Elderly Beneficiary – Evelesi Gomani

Evelesi Gomani, one of Ayileche’s Elderly Beneficiaries

Problems Faced

Eighty-one year old Evelesi Gomani is one of our beneficiaries. She is married and has had little education. She lives with her husband, 83-year-old Mr. John Gomani, next door to her only child, her son-in-law and their six children. Because Mr. Gomani has not been able to financially contribute to the household since he was laid off as a security guard in the 1990s, the couple face many difficulties and uncertainties about the future. Evelesi helps raise her grandchildren because, not only is her daughter’s house too small to accommodate her large family, but also her son-in-law’s paltry income selling fried potatoes at the local market is too meagre to support his family.

The Gomanis’ have a small patch of land on which they are able to farm and have supported themselves thus far. However, as they become older, farming becomes more difficult for the elderly couple. Additionally, the land often cannot produce an adequate supply of vegetables and cereals to feed the couple and their extended family.

How Ayileche Helps

Ayileche CBO currently only accepts one beneficiary per family as our funds are limited and, by selecting a single beneficiary from each family, we are able to impact a larger number of people. Currently, Evelesi receives a monthly food hamper filled with food and everyday essentials. In the future, we plan to monitor the condition of her house to make sure it stays in a habitable condition for the family.

We appreciate any donations.



Elderly Beneficiary – Edith Machinjili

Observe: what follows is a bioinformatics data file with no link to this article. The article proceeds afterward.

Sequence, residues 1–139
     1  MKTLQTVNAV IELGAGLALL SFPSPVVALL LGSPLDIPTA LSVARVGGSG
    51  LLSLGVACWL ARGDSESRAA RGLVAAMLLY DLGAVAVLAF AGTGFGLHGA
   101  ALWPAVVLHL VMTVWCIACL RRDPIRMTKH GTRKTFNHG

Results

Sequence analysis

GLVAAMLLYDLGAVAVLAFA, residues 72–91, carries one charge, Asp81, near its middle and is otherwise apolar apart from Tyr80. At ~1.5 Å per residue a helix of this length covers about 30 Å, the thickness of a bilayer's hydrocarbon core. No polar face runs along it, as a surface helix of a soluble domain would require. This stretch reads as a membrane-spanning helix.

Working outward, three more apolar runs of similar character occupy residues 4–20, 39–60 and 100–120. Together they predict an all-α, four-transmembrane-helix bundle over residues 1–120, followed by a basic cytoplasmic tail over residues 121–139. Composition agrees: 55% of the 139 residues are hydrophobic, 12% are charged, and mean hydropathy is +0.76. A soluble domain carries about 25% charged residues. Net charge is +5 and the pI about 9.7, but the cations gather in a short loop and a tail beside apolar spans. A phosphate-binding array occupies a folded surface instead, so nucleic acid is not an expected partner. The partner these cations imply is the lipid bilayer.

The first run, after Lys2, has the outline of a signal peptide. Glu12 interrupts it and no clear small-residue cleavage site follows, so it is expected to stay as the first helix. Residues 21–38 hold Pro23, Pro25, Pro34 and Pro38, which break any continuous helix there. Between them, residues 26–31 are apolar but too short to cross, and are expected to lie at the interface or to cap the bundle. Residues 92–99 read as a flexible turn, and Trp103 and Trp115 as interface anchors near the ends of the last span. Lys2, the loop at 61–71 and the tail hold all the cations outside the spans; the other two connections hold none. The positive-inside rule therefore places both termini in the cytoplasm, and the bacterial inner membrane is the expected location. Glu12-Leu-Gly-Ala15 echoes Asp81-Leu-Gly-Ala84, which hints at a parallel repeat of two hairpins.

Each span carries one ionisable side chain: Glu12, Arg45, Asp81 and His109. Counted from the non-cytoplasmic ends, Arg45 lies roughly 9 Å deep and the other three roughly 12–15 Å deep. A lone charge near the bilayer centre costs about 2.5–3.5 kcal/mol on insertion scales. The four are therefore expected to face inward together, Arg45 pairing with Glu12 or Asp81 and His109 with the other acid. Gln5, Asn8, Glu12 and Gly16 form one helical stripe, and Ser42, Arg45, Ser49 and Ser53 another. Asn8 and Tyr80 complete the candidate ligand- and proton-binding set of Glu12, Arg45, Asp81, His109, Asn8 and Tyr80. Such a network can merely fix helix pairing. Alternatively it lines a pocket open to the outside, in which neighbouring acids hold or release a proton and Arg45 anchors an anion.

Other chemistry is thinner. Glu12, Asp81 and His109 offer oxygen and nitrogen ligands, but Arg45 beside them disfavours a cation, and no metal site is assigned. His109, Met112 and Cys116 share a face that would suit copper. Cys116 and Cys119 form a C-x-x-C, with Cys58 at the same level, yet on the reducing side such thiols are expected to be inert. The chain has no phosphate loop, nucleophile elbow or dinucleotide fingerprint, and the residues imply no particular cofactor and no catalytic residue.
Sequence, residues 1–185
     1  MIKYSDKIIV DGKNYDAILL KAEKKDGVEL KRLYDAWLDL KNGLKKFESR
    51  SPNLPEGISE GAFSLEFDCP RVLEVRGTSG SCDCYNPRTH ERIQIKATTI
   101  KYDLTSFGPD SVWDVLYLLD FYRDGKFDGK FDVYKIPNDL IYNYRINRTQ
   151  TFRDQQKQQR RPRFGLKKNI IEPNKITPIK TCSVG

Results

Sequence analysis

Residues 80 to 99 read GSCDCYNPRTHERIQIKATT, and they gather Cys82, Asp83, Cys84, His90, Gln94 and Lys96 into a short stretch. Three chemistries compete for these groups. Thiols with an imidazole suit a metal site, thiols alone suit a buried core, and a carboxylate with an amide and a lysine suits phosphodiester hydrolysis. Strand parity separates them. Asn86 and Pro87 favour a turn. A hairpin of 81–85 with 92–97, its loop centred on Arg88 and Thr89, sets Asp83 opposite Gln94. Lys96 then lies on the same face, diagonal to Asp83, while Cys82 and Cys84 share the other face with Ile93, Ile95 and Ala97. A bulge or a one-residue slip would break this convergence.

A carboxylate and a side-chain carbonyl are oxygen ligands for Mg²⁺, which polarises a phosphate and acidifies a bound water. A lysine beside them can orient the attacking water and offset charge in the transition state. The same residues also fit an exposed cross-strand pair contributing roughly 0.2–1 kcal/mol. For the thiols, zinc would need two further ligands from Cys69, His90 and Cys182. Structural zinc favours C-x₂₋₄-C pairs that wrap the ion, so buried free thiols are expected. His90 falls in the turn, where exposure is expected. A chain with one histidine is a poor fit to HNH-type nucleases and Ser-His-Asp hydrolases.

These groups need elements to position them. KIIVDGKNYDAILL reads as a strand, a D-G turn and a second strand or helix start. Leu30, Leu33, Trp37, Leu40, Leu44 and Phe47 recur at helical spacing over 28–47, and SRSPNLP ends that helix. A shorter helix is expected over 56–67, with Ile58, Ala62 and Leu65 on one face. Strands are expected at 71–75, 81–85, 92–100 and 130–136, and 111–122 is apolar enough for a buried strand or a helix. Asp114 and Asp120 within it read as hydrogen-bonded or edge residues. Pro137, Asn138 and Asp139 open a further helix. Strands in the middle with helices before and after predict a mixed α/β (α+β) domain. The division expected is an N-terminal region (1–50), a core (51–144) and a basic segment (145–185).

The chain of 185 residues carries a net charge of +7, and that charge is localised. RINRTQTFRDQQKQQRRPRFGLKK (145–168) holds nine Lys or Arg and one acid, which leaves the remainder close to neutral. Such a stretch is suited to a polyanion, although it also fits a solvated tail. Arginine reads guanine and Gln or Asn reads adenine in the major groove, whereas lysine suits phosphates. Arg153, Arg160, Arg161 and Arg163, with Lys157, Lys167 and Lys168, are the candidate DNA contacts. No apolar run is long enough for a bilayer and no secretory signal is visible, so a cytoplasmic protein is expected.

Edith Machinjili , popularly known as “Che Idesi” ( “Che” being a respectful honorific in the Yao dialect of the area commonly reserved for the elderly), is one of the beneficiaries of our NGO.

Early Years

Che Idesi was born in 1932 and, like many of the elderly in Napangwa Village, is illiterate. Due to an undiagnosed mental illness, Che Idesi had to leave school at the age of eight. Instead of receiving a formal school education, Che Idesi was forced to stay at home and help her mother with household tasks such as fetching water, cooking and farming the garden.

Che Idesi married her first husband, Mr. Mkanda, when she was very young. They had two children together before they eventually divorced. She later had seven children with her second husband, Mr. Jackson Machinjili. Mr. Machinjili passed away in 2004. Five of Che Idesi’s children have died, leaving behind several grandchildren that she takes care of.

Difficulties Faced

At this time, Che Idesi has no income as she previously relied on her late husband for financial support. As she has no formal education, she was unable to gain employment during her younger years. Additionally, Malawi does not have any financial assistance for seniors so it is very difficult for Che Idesi to even afford basic essentials. Che Idesi helps support eleven of her grandchildren, who have been orphaned, as well as three great-grandchildren. All of these children are between the ages of 10-29 and, at one time, Che Idesi may have to house five of them. Due to her arthritis, acute leg pains and advancing age, Che Idesi is no longer able to farm her garden without difficulty and discomfort.

How Ayileche Helps

Che Idesi receives a monthly hamper which contains basic necessities, such as sugar, salt, maize flour, soap, tea leaves and cooking oil.

What Ayileche Plans to do

We believe that education is an important step out of poverty in Africa. As such, we plan, through donor’s assistance, to help send Che Idesi’s grandchildren to school. Also, we believe that African elders should not be living out their golden years in unsafe, leaking homes and would like to improve the structure of Che Idesi’s home by plastering the inside, painting the outside and improving the quality of the floor. In these ways, we would be honoring the spirit of Mr. C.I. Mkondiwa


Ayileche CBO is fully committed to improving the lives of the acutely poor senior citizens in Malawi. Many seniors have undue burdens put on them when their children die since they are left in charge of their grandchildren. We believe the elderly are a valuable source of knowledge, history and wisdom and we are working to improve the quality of their lives.

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